Medication Search​ - Apo-Prochlorazine

Explore the medications listed in our database.


Common Name:



How does Apo-Prochlorazine work? What will it do for me?

Prochlorperazine belongs to the group of medications known as antipsychotics, and specifically to the family of antipsychotics called phenothiazines. It is used to treat the symptoms of psychotic disorders such as excessive anxiety, tension, confusion, delusions, and agitation. It works by affecting the chemical balance in the brain.

It also can be used to treat or prevent nausea and vomiting caused by the use of certain medications (e.g., cancer treatments) or motion sickness. When used for nausea and vomiting, the doses are much lower than those used for psychotic disorders. Accordingly, there are fewer side effects.

Your doctor may have suggested this medication for conditions other than those listed in these drug information articles. As well, some forms of this medication may not be used for all of the conditions discussed here. If you have not discussed this with your doctor or are not sure why you are taking this medication, speak to your doctor. Do not stop taking this medication without consulting your doctor.

Do not give this medication to anyone else, even if they have the same symptoms as you do. It can be harmful for people to take this medication if their doctor has not prescribed it.

What form(s) does Apo-Prochlorazine come in?

Apo-Prochlorazine is no longer being manufactured for sale in Canada. For brands that may still be available, search under prochlorperazine. This article is being kept available for reference purposes only. If you are using this medication, speak with your doctor or pharmacist for information about your treatment options.

How should I use Apo-Prochlorazine?

For treatment of psychiatric illness, the initial recommended adult dose of prochlorperazine is 10 mg 3 or 4 times daily. Your doctor will gradually increase this dose until your symptoms are under control. The doses vary according to the condition being treated.

For treatment of nausea and vomiting, the recommended adult dose of prochlorperazine is usually 5 mg to 10 mg, 3 or 4 times daily.

Children’s doses are usually based on weight.

Many things can affect the dose of medication that a person needs, such as body weight, other medical conditions, and other medications. If your doctor has recommended a dose different from the ones listed here, do not change the way that you are taking the medication without consulting your doctor.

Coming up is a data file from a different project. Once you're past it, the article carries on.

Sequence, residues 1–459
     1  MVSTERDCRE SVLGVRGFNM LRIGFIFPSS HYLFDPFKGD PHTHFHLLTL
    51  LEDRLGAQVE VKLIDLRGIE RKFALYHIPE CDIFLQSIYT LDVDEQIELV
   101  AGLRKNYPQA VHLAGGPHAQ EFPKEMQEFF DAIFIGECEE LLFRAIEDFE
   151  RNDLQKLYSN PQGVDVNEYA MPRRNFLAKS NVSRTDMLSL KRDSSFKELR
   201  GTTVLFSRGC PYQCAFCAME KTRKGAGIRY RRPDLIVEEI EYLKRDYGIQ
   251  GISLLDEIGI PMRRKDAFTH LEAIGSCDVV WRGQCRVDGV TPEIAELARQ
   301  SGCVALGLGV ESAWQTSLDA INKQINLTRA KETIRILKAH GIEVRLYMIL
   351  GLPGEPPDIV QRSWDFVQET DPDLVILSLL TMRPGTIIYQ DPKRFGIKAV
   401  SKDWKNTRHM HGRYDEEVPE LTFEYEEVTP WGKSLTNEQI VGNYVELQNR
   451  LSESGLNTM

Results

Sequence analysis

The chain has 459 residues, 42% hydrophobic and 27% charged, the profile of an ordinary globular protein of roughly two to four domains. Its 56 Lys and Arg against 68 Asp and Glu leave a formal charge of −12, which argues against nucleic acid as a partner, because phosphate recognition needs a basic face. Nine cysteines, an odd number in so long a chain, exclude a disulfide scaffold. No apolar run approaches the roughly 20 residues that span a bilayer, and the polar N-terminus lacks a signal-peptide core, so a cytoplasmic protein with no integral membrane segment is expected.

It is important to take this medication exactly as prescribed by your doctor. If you miss a dose, take it as soon as possible and continue with your regular schedule. If it is almost time for your next dose, skip the missed dose and continue with your regular dosing schedule. Do not take a double dose to make up for a missed one. If you are not sure what to do after missing a dose, contact your doctor or pharmacist for advice.

Store this medication at room temperature, protect it from light and moisture, and keep it out of the reach of children.

Do not dispose of medications in wastewater (e.g. down the sink or in the toilet) or in household garbage. Ask your pharmacist how to dispose of medications that are no longer needed or have expired.

Who should NOT take Apo-Prochlorazine?

This medication should not be given to or taken by anyone who:

  • is allergic to prochlorperazine or any ingredients of this medication
  • is allergic to any of the phenothiazine-type medications
  • is comatose or has a reduced level of consciousness
  • is severely depressed
  • is intoxicated or taking large doses of central nervous system depressants (barbiturates, alcohol, analgesics, sedatives, or antihistamines)
  • has a medical condition known as pheochromocytoma
  • has a severe heart disorder
  • has bone marrow depression or other blood disorders
  • has brain damage
  • has liver damage
  • has reduced kidney function

Do not give this medication to children undergoing surgery.

What side effects are possible with Apo-Prochlorazine?

Many medications can cause side effects. A side effect is an unwanted response to a medication when it is taken in normal doses. Side effects can be mild or severe, temporary or permanent.

The side effects listed below are not experienced by everyone who takes this medication. If you are concerned about side effects, discuss the risks and benefits of this medication with your doctor.

The following side effects have been reported by at least 1% of people taking this medication. Many of these side effects can be managed, and some may go away on their own over time.

Contact your doctor if you experience these side effects and they are severe or bothersome. Your pharmacist may be able to advise you on managing side effects.

  • changes in menstrual period
  • constipation (mild)
  • decreased appetite
  • decreased sexual ability or interest
  • dizziness
  • drowsiness
  • dry mouth
  • fatigue
  • headache
  • nasal congestion
  • nausea
  • sweating
  • swelling or pain in breasts
  • trouble sleeping
  • urinary incontinence
  • vomiting
  • watering of mouth
  • weight changes

Although most of the side effects listed below don’t happen very often, they could lead to serious problems if you do not seek medical attention.

Check with your doctor as soon as possible if any of the following side effects occur: